Lessons Learned From Years Of Riding

As a newbie, I knew little about riding. I’d long driven stick shift cars so learning how to operate a clutch and shifter lever on a motorcycle wasn’t a problem when I took the Basic Rider Course in Connecticut back in 2004. Everything else was foreign.

Over the years, I’ve made mistakes and had a few drops. Knowledge of all sorts has been gained. Among some of the lessons learned or things I’ve come to realize include:

Top-heavy bikes are a chore. (My worst was a 1985 BMW K 100 RS.)

If someone arrogantly protests that he/she is a competent rider who doesn’t require any additional coaching or training, the odds are that the person probably isn’t that competent at all.

Sore butt, bad seat.

Never argue with a “Loud Pipes Save Lives” believer.

Coffee first, then ride.

Getting lost is OK, even preferable.

If you ride long enough, you will lose a friend or know someone who has a bad crash. It’s emotionally devastating. Learn from their experiences.

It’s important to be visible.

Forget the truckers who now roam the Interstates instead of state highways, motorcyclists know the best places to eat.

There are two ways to follow someone: Too closely or the right distance. One thousand-one, one thousand-two, one-thousand-three…

It’s good to push your skills, but not too much.

It’s wise to always be prepared to be surprised, being especially on the lookout for deer or other critters that can run across your path.

Bug splatters on your bike are harder to remove if you wait.

It’s always smart to test ride a bike before buying it, but it’s not always possible.

It’s often that you’re already a ways down the road when you remember that you didn’t check the tire pressure. It’s also at that point when you occasionally remember that you’ve forgotten your phone. For the phone, you turn around, but not for the tires. Why is that?

Window shopping online over the winter for a new or used motorcycle is dangerous and inevitably costly. Don’t ask…

The saying that “chrome won’t get you home” may be accurate, but a dash of chrome can certainly perk up the look of a bike.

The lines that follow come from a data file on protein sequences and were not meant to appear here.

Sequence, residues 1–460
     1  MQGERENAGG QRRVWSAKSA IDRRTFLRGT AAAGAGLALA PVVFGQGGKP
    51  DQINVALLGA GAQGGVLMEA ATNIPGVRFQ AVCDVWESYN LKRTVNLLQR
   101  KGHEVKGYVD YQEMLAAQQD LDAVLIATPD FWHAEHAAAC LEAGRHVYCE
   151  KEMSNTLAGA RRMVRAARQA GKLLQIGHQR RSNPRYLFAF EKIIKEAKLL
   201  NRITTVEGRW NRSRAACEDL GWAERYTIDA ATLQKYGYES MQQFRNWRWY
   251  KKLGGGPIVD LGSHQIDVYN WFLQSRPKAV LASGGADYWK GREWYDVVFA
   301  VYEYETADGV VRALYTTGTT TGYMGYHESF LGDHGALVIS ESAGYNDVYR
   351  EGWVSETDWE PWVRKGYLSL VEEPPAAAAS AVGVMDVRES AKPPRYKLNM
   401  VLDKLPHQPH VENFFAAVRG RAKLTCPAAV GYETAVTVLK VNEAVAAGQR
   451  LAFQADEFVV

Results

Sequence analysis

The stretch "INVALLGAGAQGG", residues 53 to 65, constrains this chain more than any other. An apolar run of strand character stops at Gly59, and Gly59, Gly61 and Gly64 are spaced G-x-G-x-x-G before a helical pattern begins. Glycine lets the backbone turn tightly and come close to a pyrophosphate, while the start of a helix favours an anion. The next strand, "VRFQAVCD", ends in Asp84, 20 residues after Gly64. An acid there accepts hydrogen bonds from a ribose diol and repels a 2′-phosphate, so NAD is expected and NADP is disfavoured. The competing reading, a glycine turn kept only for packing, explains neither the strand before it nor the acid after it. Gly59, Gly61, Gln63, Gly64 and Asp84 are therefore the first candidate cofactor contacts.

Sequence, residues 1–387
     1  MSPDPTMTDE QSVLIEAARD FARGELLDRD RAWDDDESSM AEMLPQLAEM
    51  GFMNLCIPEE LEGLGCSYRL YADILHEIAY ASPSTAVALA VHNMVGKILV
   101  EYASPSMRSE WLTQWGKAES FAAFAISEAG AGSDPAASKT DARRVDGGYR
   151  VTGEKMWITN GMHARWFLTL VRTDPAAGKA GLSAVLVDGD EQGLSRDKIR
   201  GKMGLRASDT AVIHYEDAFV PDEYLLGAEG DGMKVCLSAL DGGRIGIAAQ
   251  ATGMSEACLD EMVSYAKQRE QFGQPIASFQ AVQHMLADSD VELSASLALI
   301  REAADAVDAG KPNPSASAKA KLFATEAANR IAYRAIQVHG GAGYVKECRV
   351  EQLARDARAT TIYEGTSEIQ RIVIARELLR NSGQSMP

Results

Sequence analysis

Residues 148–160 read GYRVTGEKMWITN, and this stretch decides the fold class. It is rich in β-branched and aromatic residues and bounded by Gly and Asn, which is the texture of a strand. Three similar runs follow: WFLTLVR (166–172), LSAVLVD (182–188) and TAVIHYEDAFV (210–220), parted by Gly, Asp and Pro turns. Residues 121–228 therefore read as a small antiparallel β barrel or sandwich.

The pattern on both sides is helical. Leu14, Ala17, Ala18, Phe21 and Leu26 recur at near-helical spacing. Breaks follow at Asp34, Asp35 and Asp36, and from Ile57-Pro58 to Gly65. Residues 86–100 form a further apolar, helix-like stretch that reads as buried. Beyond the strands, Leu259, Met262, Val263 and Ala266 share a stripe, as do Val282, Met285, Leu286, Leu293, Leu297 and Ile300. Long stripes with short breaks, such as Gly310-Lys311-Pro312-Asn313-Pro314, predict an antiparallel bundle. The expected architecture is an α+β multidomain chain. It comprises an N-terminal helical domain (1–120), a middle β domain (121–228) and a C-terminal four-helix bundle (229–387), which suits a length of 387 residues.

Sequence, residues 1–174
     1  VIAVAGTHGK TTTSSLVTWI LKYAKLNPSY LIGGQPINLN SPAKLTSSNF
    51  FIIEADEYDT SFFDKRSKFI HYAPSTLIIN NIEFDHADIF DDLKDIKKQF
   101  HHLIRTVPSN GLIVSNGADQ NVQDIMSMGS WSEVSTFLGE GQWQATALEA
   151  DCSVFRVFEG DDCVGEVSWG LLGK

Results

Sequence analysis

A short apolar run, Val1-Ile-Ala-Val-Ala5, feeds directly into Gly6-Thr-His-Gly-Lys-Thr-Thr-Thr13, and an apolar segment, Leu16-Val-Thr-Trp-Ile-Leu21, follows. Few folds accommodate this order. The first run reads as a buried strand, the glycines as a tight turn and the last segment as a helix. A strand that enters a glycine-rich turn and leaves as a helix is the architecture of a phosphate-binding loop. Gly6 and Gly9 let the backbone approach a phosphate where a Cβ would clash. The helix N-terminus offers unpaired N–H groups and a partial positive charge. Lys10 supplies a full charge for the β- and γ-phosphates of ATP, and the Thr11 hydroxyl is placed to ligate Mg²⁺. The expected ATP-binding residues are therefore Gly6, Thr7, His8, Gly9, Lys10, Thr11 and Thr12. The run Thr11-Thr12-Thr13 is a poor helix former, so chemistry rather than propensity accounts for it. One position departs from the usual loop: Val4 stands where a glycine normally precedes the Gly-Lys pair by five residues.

Most riders wave while passing by from the opposite direction. The gesture is positive and inclusive.

If it’s old, it’ll break.

Leave the politics at home. When you’re riding, talk about motorcycles. The goal is to relax and have fun, and not elevate the blood pressure.

Riding behind someone whose skill level exceeds yours can make you a better rider – if you pay attention.

A teenager with a cell phone is scarier than any deer.

It makes no sense why manufacturers make adventure bikes that are outrageously tall or other bikes with gas tanks so small a fill-up is needed every 100 miles.

The easiest way to make a friend out of a stranger is to ask about the bike that they are riding.

What else?

About Bud Wilkinson

Bud Wilkinson writes the "RIDE-CT" motorcycle column and the "My Ride" classic car feature in the "Republican-American" newspaper in Waterbury, CT. A graduate of Vermont Academy, he received a B.A. degree journalism from Ohio Wesleyan University in 1975. He is the recipient of a Scripps Howard Foundation National Journalism Award in 1992 and a 1991-92 regional Emmy Award for commentary. He currently rides a 1987 BMW R 80 RT and a 2014 Triumph Bonneville and drives a 2010 Mazda MX-5 Miata.


  1. Victoria Zandonella

    It’s not the size of the bike in the fight, it’s the size of the fight in the rider . . .

  2. A couple more for the list—

    Don’t drink and ride.

    Look ahead and anticipate.

    All the gear, all the time.

    Support your local bike shop.

  3. The easy way to remove bug splatters is to place a rag that has been soaked in some pretty warm water on the windshield for a minute or two. Makes the mess softer and easier to get off….Lou